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Meet Karen Miller, Chief Quality Officer and Data-Driven Decision Maker

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Karen Miller joined Aurora BayCare Medical Center in 2001 as a hospital supervisor. At the time her children were still young, so she was committed to only working part-time. Working at the hospital was a great opportunity for her to start someplace fresh, as her family had just moved to the area. As fulfilling as staying home and raising her two children was, in 2006 Karen was given the opportunity to lead BayCare Clinic’s quality department.

Driving Quality Improvement in Healthcare

Despite her hesitations to get back into the workforce full-time, Karen eagerly signed on after meeting with the then Chief Medical Officer, Dr. Paul Summerside. She quickly realized that for the quality team to thrive, she'd need to expand it.

Now her team stands strong with nine members, which isn’t very common for health care clinics. The investment in this department has been a real hallmark of BayCare Clinic's commitment to quality.

“The federal and state governments have a lot of regulations that govern the hospital and that hospitals are required to comply with,” Karen said. “There are very few regulations affecting clinics. And so subsequently, a lot of physician practices don't have a quality department. They defer all their quality stuff to the hospital and don't really look at how they could improve things better in the clinic setting.”

Karen’s role as Chief Quality Officer at BayCare Clinic is multifaceted, involving troubleshooting clinic problems; overseeing quality improvement projects; and creating a culture of safety, continuous learning and improvement among healthcare providers and staff.

Under Karen’s direction, BayCare Clinic’s quality department prioritizes using patient feedback and data to drive decision making while implementing quality improvement initiatives. This results in better physician engagement and collaboration, along with positive outcomes for the clinic.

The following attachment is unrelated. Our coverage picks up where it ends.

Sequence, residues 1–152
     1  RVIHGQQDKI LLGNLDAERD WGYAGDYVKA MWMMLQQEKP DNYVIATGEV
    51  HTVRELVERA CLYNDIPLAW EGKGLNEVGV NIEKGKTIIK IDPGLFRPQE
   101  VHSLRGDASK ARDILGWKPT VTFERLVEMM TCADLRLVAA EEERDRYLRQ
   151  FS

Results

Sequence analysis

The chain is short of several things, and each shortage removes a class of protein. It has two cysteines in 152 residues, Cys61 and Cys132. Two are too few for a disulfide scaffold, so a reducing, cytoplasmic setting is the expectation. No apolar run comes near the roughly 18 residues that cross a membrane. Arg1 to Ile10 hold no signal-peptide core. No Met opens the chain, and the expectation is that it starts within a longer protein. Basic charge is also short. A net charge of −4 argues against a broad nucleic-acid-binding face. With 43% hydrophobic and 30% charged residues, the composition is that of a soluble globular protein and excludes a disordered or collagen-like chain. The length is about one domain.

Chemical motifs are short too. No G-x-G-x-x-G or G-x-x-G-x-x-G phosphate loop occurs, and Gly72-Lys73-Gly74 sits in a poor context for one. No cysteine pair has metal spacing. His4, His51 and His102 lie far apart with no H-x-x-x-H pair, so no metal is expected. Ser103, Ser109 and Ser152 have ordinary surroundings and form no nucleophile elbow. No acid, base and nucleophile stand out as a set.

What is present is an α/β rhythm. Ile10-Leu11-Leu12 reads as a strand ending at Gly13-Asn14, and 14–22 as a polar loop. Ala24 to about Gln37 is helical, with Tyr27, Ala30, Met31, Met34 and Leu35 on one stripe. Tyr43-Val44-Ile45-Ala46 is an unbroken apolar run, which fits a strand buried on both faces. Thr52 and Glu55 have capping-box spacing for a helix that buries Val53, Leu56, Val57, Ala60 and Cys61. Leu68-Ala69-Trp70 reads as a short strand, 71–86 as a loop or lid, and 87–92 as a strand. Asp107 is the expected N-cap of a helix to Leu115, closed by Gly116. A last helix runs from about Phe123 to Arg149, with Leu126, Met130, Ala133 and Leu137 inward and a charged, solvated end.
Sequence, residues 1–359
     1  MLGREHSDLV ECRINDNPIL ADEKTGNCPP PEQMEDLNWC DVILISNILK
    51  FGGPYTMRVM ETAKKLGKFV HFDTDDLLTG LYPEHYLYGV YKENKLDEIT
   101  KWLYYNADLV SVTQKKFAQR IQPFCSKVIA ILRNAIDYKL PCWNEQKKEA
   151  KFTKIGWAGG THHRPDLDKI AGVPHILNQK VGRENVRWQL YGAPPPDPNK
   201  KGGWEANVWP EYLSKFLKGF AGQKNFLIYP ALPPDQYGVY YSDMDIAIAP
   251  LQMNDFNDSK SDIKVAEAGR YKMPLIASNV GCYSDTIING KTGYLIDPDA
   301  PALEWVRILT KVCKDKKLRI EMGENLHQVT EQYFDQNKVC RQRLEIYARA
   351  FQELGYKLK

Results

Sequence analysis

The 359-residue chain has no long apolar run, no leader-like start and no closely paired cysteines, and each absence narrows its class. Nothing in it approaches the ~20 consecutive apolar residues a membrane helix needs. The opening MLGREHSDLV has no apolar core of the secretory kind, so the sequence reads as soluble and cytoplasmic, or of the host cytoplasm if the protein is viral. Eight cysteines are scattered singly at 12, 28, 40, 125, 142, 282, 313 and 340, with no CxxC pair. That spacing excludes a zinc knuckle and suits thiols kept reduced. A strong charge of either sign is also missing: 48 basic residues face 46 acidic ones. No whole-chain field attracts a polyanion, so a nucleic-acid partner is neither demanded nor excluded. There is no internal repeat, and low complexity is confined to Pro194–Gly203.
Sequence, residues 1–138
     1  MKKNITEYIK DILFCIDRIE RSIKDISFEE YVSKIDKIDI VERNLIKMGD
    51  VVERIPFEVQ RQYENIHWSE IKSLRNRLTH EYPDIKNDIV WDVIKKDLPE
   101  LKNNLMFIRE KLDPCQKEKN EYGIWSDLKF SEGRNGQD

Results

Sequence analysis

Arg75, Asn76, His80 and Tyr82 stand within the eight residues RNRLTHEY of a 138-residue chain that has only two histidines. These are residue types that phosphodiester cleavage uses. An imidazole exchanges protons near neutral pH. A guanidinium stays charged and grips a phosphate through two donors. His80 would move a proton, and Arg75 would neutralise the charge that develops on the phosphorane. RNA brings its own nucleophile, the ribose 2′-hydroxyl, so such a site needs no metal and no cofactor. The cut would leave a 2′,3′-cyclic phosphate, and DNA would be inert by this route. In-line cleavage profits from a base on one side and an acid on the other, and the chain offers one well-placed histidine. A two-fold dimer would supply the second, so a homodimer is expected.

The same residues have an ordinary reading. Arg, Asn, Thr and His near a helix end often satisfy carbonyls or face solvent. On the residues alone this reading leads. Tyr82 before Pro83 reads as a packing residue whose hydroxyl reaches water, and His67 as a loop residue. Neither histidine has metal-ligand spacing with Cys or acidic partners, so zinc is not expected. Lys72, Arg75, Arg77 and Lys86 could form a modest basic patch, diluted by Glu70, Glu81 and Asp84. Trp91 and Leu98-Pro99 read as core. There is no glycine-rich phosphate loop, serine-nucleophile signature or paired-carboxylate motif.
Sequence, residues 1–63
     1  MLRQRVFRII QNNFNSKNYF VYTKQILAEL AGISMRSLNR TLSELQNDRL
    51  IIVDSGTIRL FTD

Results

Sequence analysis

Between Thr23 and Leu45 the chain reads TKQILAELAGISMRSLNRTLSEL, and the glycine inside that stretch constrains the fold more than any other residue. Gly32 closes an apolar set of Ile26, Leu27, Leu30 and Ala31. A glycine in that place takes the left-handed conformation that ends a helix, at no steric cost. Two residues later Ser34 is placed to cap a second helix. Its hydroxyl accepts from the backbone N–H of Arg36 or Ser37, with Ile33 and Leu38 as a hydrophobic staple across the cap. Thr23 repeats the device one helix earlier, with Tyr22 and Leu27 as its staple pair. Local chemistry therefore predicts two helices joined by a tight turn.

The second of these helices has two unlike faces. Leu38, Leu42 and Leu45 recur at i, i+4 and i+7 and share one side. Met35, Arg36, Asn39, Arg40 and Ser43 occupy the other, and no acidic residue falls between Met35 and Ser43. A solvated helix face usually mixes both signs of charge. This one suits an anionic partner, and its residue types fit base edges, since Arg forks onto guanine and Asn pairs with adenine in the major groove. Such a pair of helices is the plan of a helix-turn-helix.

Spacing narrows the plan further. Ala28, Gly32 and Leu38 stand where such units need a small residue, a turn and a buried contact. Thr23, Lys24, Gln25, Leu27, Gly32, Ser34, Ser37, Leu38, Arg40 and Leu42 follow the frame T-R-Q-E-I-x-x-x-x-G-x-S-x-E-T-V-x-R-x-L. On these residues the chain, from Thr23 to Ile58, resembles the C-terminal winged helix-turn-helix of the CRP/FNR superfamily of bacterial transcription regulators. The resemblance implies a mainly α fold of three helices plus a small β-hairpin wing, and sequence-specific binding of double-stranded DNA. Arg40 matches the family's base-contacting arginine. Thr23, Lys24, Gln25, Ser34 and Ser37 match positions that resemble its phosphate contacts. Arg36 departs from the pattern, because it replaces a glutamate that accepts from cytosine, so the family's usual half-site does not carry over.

Karen’s philosophy of managing quality in a healthcare setting is rooted in her belief that most people who go into healthcare, from front desk staff to physicians, do so because they care about people.

“They certainly suffer burnout, but they originally went into this field because they’re people who care about other people," Karen said.

Based on the data she’s collected throughout her career, Karen knows that helping staff members find a solution to improving quality makes life easier for them and positively impacts patient experiences within BayCare Clinic.

Changing Lives Beyond Her Workplace

Beyond her professional endeavors, Karen’s involvement in community organizations reflects her commitment to making a difference in her community. She currently serves on the board of the NEW Community Shelter and runs a special needs choir and game night group called The Shining Stars in De Pere. Karen recounts one memorable game night for a girl who loved to play Uno.

“We played Uno and she had a lot of difficulty recognizing six from nine, but we just ignored it. You could put a six on a nine. You could put a nine on a six, whatever you wanted it to be. And she won. And she was truly just the most ecstatic person because she said she'd never won at Uno before that,” Karen said.

Breaking Barriers and Finding Balance

As a woman in healthcare leadership, Karen acknowledges the struggles and challenges presented to women. Although the glass ceiling certainly still exists, Karen’s leadership journey at BayCare Clinic has proven that women can bring just as much value to the executive boardroom as men.

“I think the proof is in the pudding. For the size of the executive team that we have, almost half of us are women,” she said.

Karen’s story, among many others, underscores the resilience and adaptability required of women in healthcare who often juggle demanding work schedules with traditional familial obligations.

From breaking barriers and glass ceilings to balancing her work and home life, she realized you can’t have everything. Her journey points out the integral contributions women have made in the healthcare industry and the importance of creating supportive environments that enable women to thrive personally and professionally.

"We have to start thinking outside the box and offering more flexibility, allowing more women to balance the joys of family with the pride that comes with fulfilling employment,” Karen said. 

Published: Wednesday, March 27, 2024